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Conservation meets pampering at Bawah Reserve

The view from Treetops restaurant in Bawah Reserve. Photo Credit: TW photo by Arnie Weissmann
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Indulgence and responsibility seem at odds, but the two coexist comfortably at Bawah Reserve. It's hard to know at times whether these six islands at the southern tip of the South China Sea are a for-profit luxury resort or a concerted effort to save a remote corner of the world.

Extraordinary attention is paid in both directions, simultaneously. Its owners were motivated to lease the islands in part because they saw it as both beautiful and under threat, and they worked with the Indonesian government to have it declared a marine conservation area. 

That designation carries restrictions for its commercial use, but within those bounds, management is applying the same fervor that fuels their sustainability efforts to create an experience on par with the best luxury resorts in the world.

The property's extraordinary attention to detail becomes evident before a guest even sets foot on the island. Getting to Bawah isn't simple; it involves a public ferry from Singapore to the nearby Indonesian island of Batam and an 80-minute flight on an amphibious Twin Otter. But the process is a study in seamless, escorted luxury travel, involving chauffeurs in white Mercedes-Benzes, VIP lounges, fast-track immigration and a savvy group escort.

A beach suite bedroom at Bawah Reserve. The suite’s walls can be raised, all the better to enjoy the property’s natural beauty. But there’s also air conditioning for warmer nights.
A beach suite bedroom at Bawah Reserve. The suite’s walls can be raised, all the better to enjoy the property’s natural beauty. But there’s also air conditioning for warmer nights. Photo Credit: TW photo by Arnie Weissmann

Upon arrival, I found that my beach suite incorporated an artful blend of luxe and nature. The very walls of the bedroom rise slowly at the press of a button. (I found a ceiling fan and mosquito net to be comfort enough, but in warmer, more humid weather, I don't doubt I would have brought the walls down and turned on the air conditioner.) Decorative touches in the room are unexpected, even quirky: a hat stand with a poncho and cowboy hat; strands of shells cascading from a ceiling lamp; a full-size chest at the foot of the bed.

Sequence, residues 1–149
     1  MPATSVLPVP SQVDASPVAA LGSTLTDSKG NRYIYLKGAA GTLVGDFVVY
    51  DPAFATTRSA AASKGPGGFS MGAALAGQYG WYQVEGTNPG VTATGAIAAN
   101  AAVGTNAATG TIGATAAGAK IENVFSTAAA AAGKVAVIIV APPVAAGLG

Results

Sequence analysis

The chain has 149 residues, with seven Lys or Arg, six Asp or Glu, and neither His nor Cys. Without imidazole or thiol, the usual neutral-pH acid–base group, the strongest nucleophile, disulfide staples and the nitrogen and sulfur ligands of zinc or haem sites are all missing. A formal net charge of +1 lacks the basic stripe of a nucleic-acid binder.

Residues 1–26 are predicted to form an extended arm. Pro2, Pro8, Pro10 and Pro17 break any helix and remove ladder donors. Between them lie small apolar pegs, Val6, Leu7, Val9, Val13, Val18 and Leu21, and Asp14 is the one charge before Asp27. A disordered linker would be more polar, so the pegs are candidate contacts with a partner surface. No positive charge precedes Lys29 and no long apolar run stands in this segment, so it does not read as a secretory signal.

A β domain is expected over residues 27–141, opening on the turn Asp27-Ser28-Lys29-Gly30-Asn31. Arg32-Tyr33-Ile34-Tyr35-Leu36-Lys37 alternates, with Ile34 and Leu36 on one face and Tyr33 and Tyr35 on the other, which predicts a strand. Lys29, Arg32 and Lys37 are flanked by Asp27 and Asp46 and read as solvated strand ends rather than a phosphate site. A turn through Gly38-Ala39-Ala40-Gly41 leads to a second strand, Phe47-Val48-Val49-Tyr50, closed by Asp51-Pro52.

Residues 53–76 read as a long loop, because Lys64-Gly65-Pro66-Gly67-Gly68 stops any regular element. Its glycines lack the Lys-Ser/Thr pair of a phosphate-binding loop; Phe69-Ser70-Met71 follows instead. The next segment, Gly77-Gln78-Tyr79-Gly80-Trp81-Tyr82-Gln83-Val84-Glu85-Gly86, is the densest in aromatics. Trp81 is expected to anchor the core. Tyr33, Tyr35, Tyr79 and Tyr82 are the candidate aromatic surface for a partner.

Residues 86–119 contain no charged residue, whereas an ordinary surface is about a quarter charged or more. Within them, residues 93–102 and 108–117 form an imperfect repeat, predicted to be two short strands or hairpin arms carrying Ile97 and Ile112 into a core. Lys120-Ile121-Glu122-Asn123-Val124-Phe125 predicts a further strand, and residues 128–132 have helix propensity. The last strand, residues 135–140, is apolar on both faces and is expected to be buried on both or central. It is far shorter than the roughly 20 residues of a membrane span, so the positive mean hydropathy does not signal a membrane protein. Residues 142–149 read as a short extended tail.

The bedroom isn't large, but it faces the sea through floor-to-ceiling windows and a door. The entrance is via an expansive front porch designed with lounging in mind: a comfy, oversize chair; a long, cushioned bench; table and chairs for room service dining alfresco.

The bathroom/dressing room, also with a half-inside/half-outside vibe, is spacious, with a double vanity and an old-fashioned, deep bathtub. Near the dresser is a cord that raises or lowers a coconut; its height indicates "do not disturb" or "make up my room."

Just below it is a hamper. Laundry service is complimentary, in part because weight is a serious consideration for the amphibious plane. Guests are advised to bring a minimum of clothing, but also are promised that clothing will be picked up daily for washing.

The list of inclusives is long and impressive, including the ferry and flight transfer from Singapore as well as daily spa treatments and all meals and drinks (except alcohol) and activities (except scuba diving).

A guest at Bawah Reserve takes in the view on the Six Island Sunset Cruise.
A guest at Bawah Reserve takes in the view on the Six Island Sunset Cruise. Photo Credit: TW photo by Arnie Weissmann

The mix of opportunities to relax or be active is nicely balanced. Those in the mood to simply chill can hang out at the beachside infinity pool, take the Six Island Sunset Cruise, browse the library or pass the time between meals lounging on beaches, in bars or the porches of their suite or overwater bungalow.